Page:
A high index of suspicion is needed for the initial diagnosis of human immunodeficiency virus (HIV), particularly in the context of atypical presenting symptoms. Consider acute HIV in the patient who presents with a mononucleosis-like infection, but with negative monospot testing.
CD4 T-cell count is correlated with risk for opportunistic infection.
All patients with HIV and respiratory complaints, especially those with CD4 <200 cells/μL should be placed in negative pressure/airborne isolation until the diagnosis of tuberculosis can be excluded.
With appropriate care and proper management, people living with HIV can live a normal lifespan.
Human immunodeficiency virus (HIV) is a cytopathic retrovirus that attacks the CD4 T-lymphocytes in the immune system. Acquired immunodeficiency syndrome (AIDS) occurs when HIV-induced loss of CD4 cells and the resulting immunosuppression permit infection from opportunistic pathogens. AIDS is defined as a CD4 count <200/μL, a CD4 percentage <14%, or the presence of an AIDS-defining illness. AIDS-defining illnesses include Pnemocystis jiroveci pneumonia (PCP), Mycobacterium tuberculosis (TB), toxoplasmosis, cryptococcosis, cryptosporidiosis, esophageal candidiasis, disseminated Mycobacterium avium complex (dMAC), and cytomegalovirus (CMV), among others.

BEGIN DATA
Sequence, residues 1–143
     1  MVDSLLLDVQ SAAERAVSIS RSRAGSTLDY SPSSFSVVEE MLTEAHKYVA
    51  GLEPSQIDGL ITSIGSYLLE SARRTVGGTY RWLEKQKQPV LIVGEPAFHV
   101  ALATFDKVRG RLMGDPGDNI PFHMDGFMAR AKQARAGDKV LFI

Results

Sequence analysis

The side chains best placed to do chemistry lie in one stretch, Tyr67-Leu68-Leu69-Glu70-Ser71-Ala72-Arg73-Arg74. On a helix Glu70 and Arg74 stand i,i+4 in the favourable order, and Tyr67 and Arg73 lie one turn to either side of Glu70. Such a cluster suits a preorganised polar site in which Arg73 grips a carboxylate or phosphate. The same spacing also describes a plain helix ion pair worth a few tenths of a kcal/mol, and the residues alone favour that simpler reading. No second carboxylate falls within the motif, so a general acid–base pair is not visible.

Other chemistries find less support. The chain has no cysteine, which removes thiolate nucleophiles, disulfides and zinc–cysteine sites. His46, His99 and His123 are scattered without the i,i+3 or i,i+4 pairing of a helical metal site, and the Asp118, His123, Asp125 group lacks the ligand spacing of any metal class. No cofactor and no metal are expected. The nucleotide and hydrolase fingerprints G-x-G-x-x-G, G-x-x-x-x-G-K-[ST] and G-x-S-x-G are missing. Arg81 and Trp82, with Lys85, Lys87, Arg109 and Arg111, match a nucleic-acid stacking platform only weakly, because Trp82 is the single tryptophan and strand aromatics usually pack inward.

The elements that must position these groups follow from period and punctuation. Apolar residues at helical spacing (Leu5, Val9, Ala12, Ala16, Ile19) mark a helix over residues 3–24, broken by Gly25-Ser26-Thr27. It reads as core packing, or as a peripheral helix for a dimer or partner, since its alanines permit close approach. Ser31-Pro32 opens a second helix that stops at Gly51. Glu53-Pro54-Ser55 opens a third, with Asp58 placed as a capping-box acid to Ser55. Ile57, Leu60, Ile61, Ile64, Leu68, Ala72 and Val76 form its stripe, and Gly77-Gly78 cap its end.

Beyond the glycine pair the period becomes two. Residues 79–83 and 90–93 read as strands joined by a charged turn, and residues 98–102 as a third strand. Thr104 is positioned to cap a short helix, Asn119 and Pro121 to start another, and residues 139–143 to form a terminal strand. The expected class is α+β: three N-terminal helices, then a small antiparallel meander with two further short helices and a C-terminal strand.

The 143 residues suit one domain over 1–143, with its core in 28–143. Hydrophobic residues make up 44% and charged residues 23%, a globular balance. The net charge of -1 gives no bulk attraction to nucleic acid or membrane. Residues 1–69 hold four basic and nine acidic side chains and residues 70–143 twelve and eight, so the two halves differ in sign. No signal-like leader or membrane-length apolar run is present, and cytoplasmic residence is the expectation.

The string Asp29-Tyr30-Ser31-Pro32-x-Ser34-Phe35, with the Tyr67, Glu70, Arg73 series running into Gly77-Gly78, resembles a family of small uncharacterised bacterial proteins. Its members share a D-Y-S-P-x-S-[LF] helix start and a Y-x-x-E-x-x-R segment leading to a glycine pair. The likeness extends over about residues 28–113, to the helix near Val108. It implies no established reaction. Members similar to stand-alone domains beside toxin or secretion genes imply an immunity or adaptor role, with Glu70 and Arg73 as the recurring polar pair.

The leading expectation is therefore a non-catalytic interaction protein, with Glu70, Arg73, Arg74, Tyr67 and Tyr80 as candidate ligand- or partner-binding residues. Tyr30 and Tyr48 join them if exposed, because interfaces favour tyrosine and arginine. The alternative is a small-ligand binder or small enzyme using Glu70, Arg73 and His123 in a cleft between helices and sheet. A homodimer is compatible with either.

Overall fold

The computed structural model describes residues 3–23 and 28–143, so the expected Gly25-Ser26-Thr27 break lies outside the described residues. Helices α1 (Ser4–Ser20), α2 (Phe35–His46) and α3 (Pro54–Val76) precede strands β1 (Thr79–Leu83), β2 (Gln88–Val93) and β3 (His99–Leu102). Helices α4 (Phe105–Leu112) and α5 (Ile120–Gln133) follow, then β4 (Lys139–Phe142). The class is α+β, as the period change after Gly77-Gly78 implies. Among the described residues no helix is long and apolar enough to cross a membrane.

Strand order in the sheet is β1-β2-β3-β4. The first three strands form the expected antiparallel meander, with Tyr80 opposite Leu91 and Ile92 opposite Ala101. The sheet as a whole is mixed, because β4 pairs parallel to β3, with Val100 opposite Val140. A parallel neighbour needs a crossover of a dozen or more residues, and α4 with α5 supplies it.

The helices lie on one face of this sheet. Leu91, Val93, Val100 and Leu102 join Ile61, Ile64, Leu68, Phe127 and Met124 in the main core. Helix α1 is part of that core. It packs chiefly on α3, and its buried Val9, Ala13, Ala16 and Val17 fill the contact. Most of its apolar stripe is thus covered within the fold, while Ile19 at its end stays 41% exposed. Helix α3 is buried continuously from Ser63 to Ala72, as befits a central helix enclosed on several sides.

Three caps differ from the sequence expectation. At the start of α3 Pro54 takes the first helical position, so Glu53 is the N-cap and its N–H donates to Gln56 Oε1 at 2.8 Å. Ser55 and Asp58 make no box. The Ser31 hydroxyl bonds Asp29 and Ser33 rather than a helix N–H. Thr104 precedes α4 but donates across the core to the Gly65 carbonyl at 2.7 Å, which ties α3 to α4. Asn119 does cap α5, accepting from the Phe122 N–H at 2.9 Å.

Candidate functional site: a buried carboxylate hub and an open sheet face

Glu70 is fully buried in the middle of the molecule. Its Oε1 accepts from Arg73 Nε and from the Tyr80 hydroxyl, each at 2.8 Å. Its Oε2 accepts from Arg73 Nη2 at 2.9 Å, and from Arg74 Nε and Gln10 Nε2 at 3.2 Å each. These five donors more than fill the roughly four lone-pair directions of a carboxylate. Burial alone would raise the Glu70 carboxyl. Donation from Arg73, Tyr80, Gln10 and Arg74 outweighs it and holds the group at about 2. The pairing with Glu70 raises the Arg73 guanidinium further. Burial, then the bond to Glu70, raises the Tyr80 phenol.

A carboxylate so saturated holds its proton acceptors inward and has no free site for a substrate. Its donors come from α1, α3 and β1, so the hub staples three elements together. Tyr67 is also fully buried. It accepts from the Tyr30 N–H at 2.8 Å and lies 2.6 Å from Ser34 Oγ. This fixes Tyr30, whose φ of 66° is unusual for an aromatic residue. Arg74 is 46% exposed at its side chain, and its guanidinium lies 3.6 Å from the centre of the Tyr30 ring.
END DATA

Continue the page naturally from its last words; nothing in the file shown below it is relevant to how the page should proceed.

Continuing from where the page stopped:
In the United States, approximately 1.2 million persons are infected with HIV, with up to 50,000 new cases every year. The estimated prevalence of HIV-positive patients seen in urban emergency departments (EDs) may be as high as 11.4%. Up to 20% of all HIV-positive persons in the United States are unaware of their HIV status.
Risk factors for HIV acquisition include sexual activity, injection drug use, blood transfusion (particularly before screening of the donor pool commenced in 1985), intrapartum/neonatal exposure to a mother with HIV, and occupational exposure (break of skin with contaminated sharps or blood/body fluid splashes onto mucous membranes/non-intact skin).
Acute retroviral syndrome (ARS) occurs in approximately 50% of acutely infected patients, approximately 2–4 weeks after exposure to HIV, and may clinically manifest as a flu-like or mononucleosis-like illness. Regardless of the presence or absence of ARS, most patients have a high viral load (>106 copies/cm3) during this period, and negative serologic tests. Seroconversion typically occurs 2–6 weeks (though sometimes up to 6 months) after exposure. An immune response to the virus is then generated, and the viral load falls to a setpoint with a relatively stable CD4 count. This leads to a period of clinical latency (usually 2–10 years) during which CD4 T-cells are continually destroyed and regenerated, and viral replication continues. Ultimately, immune control is ineffective, and the CD4 count falls, leading to increased susceptibility to opportunistic (as well as other) infection. Some CD4 cutoffs are associated with increased risk of certain infections (<200 with PCP, <100 with histoplasmosis, <50 with dMAC and CMV retinitis), but the clinician should be aware that infections may occur at a higher than anticipated CD4 levels.